ISLAMABAD: Banned groups like the Tehreek-i-Taliban Pakistan (TTP), Islamic State Khorasan (IS-K), and Balochistan Liberation Army (BLA) accounted for over 82pc of terrorism-related deaths and conducted 78pc of terrorist attacks recorded in 2023.
This was the finding of Pak Institute for Peace Studies’ Pakistan (PIPS) Security report for 2023, which also said militants’ intensifying attacks indicate that the TTP and its affiliates will continue to resort to an intensified terrorism onslaught with a view to ‘force’ Pakistan to reinstate the process of dialogue.
The report emerged a day after the Senate was informed by the interior ministry that continuous influx of TTP members in significant numbers, with recruitment, training and placing of suicide bombers, in Khyber Pakhtunkhwa’s merged districts is “a cause of concern”.
The disclosure of the development with general polls a little more than a month raises questions over the security of electoral candidates and political leaders during election campaign and polling. Officials blame Kabul’s non-adherence to Doha accords for uptick in terrorist attacks
Military sources told Dawn that Afghanistan has not been able to fulfil its commitments made in Doha agreement as TTP continues to use Afghanistan as a base for terrorist activities inside Pakistan.
The Pak-Afghan border, described as ‘difficult and porous’, poses a formidable challenge despite security measures, making 100pc check and control over illegal movements arduous.
The PIPS report highlights Pakistan’s inadequate response to the rising terrorism and militancy challenge, exacerbated by negotiation attempts with the TTP and waning political focus due to ongoing crises.
Escalating tensions between Pakistan and Afghanistan, fueled by issues like TTP and Afghan refugees, demand a comprehensive and sustainable counterterrorism strategy, it said.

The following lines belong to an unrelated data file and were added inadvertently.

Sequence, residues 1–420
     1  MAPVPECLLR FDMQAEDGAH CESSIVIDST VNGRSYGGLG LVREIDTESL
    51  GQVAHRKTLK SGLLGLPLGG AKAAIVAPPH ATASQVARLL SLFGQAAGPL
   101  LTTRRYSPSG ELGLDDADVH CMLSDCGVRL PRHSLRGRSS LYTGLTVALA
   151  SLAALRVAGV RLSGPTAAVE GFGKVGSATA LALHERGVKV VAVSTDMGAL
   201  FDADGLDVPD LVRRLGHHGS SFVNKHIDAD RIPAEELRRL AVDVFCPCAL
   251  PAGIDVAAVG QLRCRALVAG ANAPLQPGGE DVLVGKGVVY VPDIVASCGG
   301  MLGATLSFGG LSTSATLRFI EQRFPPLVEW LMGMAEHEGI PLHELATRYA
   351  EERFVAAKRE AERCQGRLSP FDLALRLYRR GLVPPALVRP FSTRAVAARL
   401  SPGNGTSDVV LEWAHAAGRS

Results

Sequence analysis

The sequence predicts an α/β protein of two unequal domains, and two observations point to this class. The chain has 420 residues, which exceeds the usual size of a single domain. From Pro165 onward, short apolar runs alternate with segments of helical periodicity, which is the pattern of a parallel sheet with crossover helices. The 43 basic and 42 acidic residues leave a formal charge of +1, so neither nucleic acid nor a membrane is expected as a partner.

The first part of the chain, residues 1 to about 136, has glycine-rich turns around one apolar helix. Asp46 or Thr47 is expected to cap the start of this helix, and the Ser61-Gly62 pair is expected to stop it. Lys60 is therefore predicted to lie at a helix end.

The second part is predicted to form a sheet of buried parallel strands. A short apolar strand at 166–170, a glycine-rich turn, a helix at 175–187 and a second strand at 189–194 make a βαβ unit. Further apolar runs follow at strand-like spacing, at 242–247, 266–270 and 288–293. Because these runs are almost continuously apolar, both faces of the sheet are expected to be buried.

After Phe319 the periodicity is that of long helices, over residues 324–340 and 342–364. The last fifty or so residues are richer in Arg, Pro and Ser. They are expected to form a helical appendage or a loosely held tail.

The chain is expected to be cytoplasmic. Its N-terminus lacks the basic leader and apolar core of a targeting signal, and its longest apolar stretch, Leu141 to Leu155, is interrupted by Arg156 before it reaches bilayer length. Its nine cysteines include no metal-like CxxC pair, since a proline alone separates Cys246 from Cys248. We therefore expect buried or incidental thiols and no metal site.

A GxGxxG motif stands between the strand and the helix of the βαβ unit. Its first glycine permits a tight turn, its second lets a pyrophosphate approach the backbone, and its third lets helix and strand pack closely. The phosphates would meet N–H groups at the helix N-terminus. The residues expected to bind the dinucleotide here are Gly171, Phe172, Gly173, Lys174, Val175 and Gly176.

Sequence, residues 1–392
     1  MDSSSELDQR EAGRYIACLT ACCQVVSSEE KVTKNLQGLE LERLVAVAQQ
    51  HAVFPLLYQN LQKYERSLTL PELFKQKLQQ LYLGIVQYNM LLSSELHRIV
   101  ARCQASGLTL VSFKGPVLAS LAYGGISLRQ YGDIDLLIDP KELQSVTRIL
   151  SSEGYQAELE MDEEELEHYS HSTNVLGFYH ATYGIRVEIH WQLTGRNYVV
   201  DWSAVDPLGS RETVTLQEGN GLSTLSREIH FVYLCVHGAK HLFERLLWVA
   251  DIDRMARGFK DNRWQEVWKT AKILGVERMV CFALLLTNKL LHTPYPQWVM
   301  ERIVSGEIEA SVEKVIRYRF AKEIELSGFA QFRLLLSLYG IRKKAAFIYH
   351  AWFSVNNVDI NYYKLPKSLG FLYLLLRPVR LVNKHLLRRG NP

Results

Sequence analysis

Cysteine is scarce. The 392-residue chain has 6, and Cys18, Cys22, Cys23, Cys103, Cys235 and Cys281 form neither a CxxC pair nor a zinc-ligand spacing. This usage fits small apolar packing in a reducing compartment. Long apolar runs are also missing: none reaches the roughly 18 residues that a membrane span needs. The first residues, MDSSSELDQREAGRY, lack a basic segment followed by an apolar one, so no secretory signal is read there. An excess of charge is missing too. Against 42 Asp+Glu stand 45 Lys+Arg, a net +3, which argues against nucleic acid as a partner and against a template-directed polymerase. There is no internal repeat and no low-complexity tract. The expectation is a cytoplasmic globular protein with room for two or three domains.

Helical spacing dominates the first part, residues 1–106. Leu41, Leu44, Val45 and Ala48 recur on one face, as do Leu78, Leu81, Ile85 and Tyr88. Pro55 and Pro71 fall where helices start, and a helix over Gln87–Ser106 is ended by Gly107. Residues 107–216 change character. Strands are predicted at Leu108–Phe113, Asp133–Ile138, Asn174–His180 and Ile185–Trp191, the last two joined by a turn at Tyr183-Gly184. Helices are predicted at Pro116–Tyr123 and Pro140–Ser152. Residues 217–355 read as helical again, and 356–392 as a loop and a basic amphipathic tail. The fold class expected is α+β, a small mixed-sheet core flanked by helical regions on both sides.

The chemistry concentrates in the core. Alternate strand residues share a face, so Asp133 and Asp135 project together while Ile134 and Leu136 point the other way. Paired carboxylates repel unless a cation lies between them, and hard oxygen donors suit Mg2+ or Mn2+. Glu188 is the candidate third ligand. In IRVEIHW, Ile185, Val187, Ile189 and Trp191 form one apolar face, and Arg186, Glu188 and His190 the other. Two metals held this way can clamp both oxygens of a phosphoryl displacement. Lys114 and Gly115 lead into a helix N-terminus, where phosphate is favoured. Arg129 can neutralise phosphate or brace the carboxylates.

The report correlates a surge in terrorist violence with the Taliban’s ascendancy in Afghanistan, noting the Afghan Taliban’s inability or unwillingness to control TTP’s cross-border activities.
In 2023, security and law enforcement agencies intensified anti-militant kinetic actions with 129 operational strikes, compared to 87 in 2022, resulting in 425 deaths and 51 injuries. Of these strikes, 97 occurred in KP, 28 in Balochistan, three in Punjab, and one in Karachi, Sindh.
A total of 306 terrorist attacks took place in Pakistan in the year — including 23 suicide bombings — which killed 693 people (330 security personnel, 260 civilians, and 103 militants) and injured 1,124 others. These attacks marked an increase of 17pc from the year before, and the number of people killed in these attacks also represented an increase of 65pc from those killed in similar attacks during the previous year.
That comparative upsurge of 17pc in terrorist violence was contributed by an increase in the number of attacks reported from all four provinces. Compared to 2022, the frequency of terrorist incidents in the Balochistan province increased by 39pc, in Khyber Pakhtunkhwa by 3pc, in Sindh by 87pc and in Punjab by 100pc.
Experts argued that short-term success in countering terrorism through kinetic approaches neglects root causes of violent extremism. To decrease support for insurgent ideas, especially among Baloch people, address disappearances with fair policies, preventing misuse by militants, the report further stated.